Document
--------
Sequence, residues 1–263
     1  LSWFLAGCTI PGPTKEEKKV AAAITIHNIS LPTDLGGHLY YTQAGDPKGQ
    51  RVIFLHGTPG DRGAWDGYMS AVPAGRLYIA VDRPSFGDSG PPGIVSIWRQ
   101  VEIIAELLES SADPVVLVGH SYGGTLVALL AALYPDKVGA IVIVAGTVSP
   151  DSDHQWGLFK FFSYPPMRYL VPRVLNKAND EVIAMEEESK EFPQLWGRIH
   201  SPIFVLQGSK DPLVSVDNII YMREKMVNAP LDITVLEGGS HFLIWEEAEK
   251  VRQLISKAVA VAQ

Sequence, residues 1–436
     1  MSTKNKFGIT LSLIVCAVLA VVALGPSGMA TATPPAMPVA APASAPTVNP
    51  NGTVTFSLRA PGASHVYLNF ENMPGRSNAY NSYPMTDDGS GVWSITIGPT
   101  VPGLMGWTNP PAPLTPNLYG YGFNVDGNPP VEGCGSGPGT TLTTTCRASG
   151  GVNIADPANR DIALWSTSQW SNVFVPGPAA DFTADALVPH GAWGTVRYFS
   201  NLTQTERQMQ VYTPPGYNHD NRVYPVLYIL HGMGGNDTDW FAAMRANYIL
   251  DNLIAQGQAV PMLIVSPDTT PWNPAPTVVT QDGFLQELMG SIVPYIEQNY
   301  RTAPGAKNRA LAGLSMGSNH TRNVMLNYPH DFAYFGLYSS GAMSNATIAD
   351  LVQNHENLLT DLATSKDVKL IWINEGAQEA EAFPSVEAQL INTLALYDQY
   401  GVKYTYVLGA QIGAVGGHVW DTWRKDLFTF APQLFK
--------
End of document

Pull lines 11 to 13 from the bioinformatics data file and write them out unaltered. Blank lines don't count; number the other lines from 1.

   101  VPGLMGWTNP PAPLTPNLYG YGFNVDGNPP VEGCGSGPGT TLTTTCRASG
   151  GVNIADPANR DIALWSTSQW SNVFVPGPAA DFTADALVPH GAWGTVRYFS
   201  NLTQTERQMQ VYTPPGYNHD NRVYPVLYIL HGMGGNDTDW FAAMRANYIL